The Moulin Rouge: Immerse Yourself in the 134-Year History of This Parisian Cabaret
All the stories behind the Moulin Rouge
Paris in the late 1800s was a spectacle of lights and delights, with the Montmartre district at the heart of its bohemian revelry. Among its numerous bars and dance venues, the Moulin Rouge rose, literally and figuratively, as a beacon of entertainment. Established on the grounds of the former Bal de la Reine Blanche, businessmen Joseph Oller and Charles Zidler transformed the original locale into what they boasted to be “the first women’s palace, the largest, most elegant and most luxurious temple of dance.”
And indeed it was. After the opening night, the Moulin Rouge quickly became synonymous with the energetic and provocative dance style known as the French Cancan. The vibrancy of high kicks and ruffled skirts became the cadence by which the cabaret built its fame, and a true symbol of the Moulin Rouge thanks to Toulouse-Lautrec’s posters.
Over time, the Moulin Rouge witnessed several metamorphoses, enduring fires and renovations to maintain its grandeur. It also bears the indelible imprint of prominent personalities that shaped its narrative, like Henri de Toulouse-Lautrec, who created iconic posters for the cabaret, and performers like Minstinguett who shined on stage.
Each show since 1963 has been christened with a title starting with ‘F’, culminating in the latest spectacle, ‘Féerie’. The cabaret’s eclectic array of performances and reviews has spanned circus acts, operettas, balls, variety shows, and more, leaving no stone unturned in the quest to dazzle its audience.
A popular and unique dance
But at the heart of the Moulin Rouge’s fame lies the French Cancan. This dance, based on high kicks and energetic movements, has enthralled audiences for generations. It all started in Paris in 1820 when men improvised solo dancing to let off steam, tired of the rigid conventions of the time. Women tried it too, surpassing the men with their prowess and releasing shockwaves with their daring moves in the process. There even was an attempt to ban the cancan!
How the Moulin Rouge inspired the famous American film
The Bohemian culture and hedonistic lifestyle also inspired director Baz Luhrmann’s 2001 motion picture, ‘Moulin Rouge!’, winner of countless awards. This musical, starring Nicole Kidman as Satine and Ewan McGregor as Christian, but also Jim Broadbent as the parodic Harold Zidler, is a kaleidoscopic homage to the cabaret’s spirit. The film captures its essence in a melodramatic love story between Satine, the star courtesan of the Moulin Rouge, and Christian, a penniless poet.
Kidman’s performance is integral to the film’s blend of romance and tragedy based on the spectacle of the cabaret world. She received the Golden Globe Award for Best Actress in a Motion Picture – Musical for the role of Satine, while director Baz Luhrmann won the Best Motion Picture – Musical Award for this original dramatic love story.
The film reignited a passion for the theatrical, so much so that the Rouge Musical made its Broadway debut at the Hirschfeld Theatre, transplanting the cabaret experience onto the stage with an ensemble cast, from Paris to New York. For this Broadway version of the musical, it is said that Baz Luhrmann wanted to keep his original movie star cast. But the Hirschfeld theatre stage instead gave a warm welcome to Courtney Reed, playing the role of Satine, and Casey Cott demonstrating his love on stage as Christian, while André Ward and Tituss Burgess respectively filled the theatre with enthusiasm as Toulouse-Lautrec and Harold Zidler!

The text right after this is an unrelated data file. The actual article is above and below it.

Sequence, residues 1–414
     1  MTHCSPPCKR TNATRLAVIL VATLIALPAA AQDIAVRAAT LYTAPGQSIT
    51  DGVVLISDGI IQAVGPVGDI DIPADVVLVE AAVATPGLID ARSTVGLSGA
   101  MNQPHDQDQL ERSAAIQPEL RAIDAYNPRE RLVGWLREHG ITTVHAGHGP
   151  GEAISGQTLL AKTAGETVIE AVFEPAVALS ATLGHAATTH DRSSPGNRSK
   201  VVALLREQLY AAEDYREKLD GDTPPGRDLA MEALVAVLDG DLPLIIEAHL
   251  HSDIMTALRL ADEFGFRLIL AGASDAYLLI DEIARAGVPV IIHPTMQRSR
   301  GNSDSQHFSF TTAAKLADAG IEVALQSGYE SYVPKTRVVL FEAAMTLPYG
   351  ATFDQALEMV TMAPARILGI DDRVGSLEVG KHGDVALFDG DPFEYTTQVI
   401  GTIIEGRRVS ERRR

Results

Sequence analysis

The Moulin Rouge nowadays
By creating the Moulin Rouge, J.Oller and C. Zidler transformed a once-closed venue into a legendary cabaret that has stood the test of time. It continues to enchant audiences with his Revue Show, defining the contemporary era of this historic theatre. This Revue show is masterpieces of costume design, and wins the hearts of spectators around the world thanks to the creative effervescence that characterizes cabaret. The Moulin Rouge revue shows have even inspired award winning musical movies like “Moulin Rouge!”, which in turn was adapted into a Broadway production for the theatre in New York. But the Moulin Rouge remains, after 134 years, an emblem of the city that birthed it—a red windmill spinning tales of romance, revelry, and the relentless pursuit of art.
The Workshops and the Maisons d’Art of the Moulin Rouge
If you are intrigued by the craftsmanship behind the Moulin Rouge best costumes and original stage design, the Workshops and the Maisons d’Art offer a fascinating glimpse into the creative process. Explore the intricate details of the costumes that grace the stage during the spectacular Féérie show.
The Bar à Bulles and the “Toit” rooftop terrace
You can also explore other unique venues associated with the Moulin Rouge. Relax in the more intimate setting of The Bar à Bulles, where you can sip your drink under the Japanese maple trees in the secret terrace, or unwind with the spirit of the cabaret in the air on the confidential “Toit” rooftop terrace.
La Machine of the Moulin Rouge
For those seeking a rhythmic end to their evening, La Machine of the Moulin Rouge, one of the most ambitious nightclubs and best concert venues in the city, opens its doors to an eclectic musical experience, featuring a line-up of DJs who infuse the night with music as vibrant as the Moulin’s past.
No other than The Beatles, The Who or David Bowie performed there, before it became a hotspot for techno music in the 90s. Today, La Machine of the Moulin Rouge is a committed stronghold to artistic and musical creation, supporting openness and discovery. You can enjoy an array of different styles depending on the program: electronic music, techno, hip-hop, house music, but also rock, metal or jazz shows.